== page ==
The final side of the lantern was attached with hinges.
The first level on the top was cut from a 1×4, overhanging the lantern by about an inch on all sides. The corners were mitered and the frame was again nailed and glued into place.
The next level was cut from a 2×4…again mitered the corners and nailed and glued into place.
Can you tell I’m using up a lot of my scrap wood?
The final section was cut from one of the deck balusters, again mitering, nailing and gluing.
A 1×2 was mitered to fit around the base of the lantern.
The 2×12 base was found laying by the side of the road where someone had dumped it. Apparently someone did not like the rotten edge of the wood. Hey, it still has one good side!
I’m just cleaning up the world one project at a time. 😀
All of the big gaps were filled with a paintable caulk. Nail holes were filled with wood putty and sanded.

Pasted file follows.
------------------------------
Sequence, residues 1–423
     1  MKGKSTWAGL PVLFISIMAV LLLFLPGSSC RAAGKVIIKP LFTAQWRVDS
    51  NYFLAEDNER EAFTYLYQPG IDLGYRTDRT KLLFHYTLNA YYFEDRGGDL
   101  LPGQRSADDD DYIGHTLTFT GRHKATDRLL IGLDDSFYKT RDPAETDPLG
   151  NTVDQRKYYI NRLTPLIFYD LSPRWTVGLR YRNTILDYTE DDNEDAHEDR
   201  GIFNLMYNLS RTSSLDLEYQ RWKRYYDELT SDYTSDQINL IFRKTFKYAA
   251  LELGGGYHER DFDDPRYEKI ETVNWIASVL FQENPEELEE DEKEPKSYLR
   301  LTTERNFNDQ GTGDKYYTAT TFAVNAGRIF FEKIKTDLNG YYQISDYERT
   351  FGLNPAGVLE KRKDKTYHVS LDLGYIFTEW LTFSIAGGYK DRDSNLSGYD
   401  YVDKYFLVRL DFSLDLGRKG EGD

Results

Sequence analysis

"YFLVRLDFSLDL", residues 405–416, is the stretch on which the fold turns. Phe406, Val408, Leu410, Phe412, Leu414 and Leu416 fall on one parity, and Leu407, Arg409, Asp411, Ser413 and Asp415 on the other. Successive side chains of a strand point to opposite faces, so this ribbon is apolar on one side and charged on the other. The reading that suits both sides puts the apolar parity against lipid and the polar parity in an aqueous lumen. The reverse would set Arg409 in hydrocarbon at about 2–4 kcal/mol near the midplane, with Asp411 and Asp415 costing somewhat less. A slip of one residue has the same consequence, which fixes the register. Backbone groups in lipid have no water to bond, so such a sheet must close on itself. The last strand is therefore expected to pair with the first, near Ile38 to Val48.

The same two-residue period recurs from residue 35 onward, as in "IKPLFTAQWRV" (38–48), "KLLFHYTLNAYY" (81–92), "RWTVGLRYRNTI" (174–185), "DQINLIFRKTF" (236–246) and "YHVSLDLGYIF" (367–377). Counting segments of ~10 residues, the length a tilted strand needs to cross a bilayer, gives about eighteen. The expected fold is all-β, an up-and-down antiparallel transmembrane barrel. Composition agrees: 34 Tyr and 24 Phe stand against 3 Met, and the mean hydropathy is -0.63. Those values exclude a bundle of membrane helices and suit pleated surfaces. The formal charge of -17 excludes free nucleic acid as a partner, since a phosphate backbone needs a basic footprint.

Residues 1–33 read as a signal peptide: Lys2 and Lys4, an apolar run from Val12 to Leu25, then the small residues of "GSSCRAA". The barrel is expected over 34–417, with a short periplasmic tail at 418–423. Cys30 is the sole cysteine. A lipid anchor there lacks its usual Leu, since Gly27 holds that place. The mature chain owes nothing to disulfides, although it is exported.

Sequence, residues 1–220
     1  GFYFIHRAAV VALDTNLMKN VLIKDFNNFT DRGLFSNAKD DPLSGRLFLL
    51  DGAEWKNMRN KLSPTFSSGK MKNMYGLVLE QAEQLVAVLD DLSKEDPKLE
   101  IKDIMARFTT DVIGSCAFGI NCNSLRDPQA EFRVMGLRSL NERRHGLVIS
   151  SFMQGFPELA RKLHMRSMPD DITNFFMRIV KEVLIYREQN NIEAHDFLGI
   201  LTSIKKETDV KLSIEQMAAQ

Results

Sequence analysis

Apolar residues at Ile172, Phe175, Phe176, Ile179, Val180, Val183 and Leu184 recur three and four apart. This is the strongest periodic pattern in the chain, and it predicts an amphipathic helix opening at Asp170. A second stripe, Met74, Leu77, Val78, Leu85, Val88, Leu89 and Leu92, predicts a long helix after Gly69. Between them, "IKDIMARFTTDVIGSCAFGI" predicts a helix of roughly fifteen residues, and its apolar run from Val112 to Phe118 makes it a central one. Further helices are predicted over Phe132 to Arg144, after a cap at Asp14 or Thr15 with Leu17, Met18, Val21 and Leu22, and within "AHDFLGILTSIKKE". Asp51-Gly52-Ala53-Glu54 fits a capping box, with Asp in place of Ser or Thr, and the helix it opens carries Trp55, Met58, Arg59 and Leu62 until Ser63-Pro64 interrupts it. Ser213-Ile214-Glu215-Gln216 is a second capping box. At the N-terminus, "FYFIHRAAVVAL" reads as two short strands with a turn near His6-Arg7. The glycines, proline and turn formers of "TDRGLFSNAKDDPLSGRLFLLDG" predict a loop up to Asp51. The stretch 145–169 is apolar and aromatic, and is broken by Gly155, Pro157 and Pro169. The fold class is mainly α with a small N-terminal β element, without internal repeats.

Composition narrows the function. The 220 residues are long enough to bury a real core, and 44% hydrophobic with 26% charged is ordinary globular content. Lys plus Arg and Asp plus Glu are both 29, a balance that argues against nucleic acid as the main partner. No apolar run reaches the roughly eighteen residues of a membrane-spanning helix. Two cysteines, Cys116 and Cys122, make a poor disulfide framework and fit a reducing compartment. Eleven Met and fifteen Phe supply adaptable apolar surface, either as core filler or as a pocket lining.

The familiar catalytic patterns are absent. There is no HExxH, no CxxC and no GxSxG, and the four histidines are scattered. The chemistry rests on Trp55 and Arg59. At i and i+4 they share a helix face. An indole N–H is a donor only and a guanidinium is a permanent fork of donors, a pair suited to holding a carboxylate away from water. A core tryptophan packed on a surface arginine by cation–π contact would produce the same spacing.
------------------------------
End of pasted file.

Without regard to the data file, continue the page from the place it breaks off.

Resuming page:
It’s all about the finishing now. The entire lantern was painted with black chalk paint. The edges were then sanded and finished off with a dark wax.
These handles were found in my box of goodies. They were originally intended for another project, but the color didn’t look quite right, so now I’m happy to pull them out for this project. If you like this set of handles, they’re not actually old, they’re from Hobby Lobby for about $11 a piece. Do wait for their sales though, when they discount 50% off.
The knob I used for the handle is actually old, it has genuine dust and rust on it… but I have no idea where I got it.
I do know where I picked up the corrugated tin…it was from a dump. Any metal that bends such as roof flashing could be used.
If you are using battery operated candles then the top could be enclosed.
Before I go, I wanted to show you one more picture so you can get a sense for the scale of the lantern. The white lantern is 11 inches tall, the new shutter lantern is 33″.
Hope I’ve inspired you to make one for yourself. Now inspire me…what should I do with this thing.
Update: Find out what this thing became here and a recap of all my other birthday junk.
I was featured at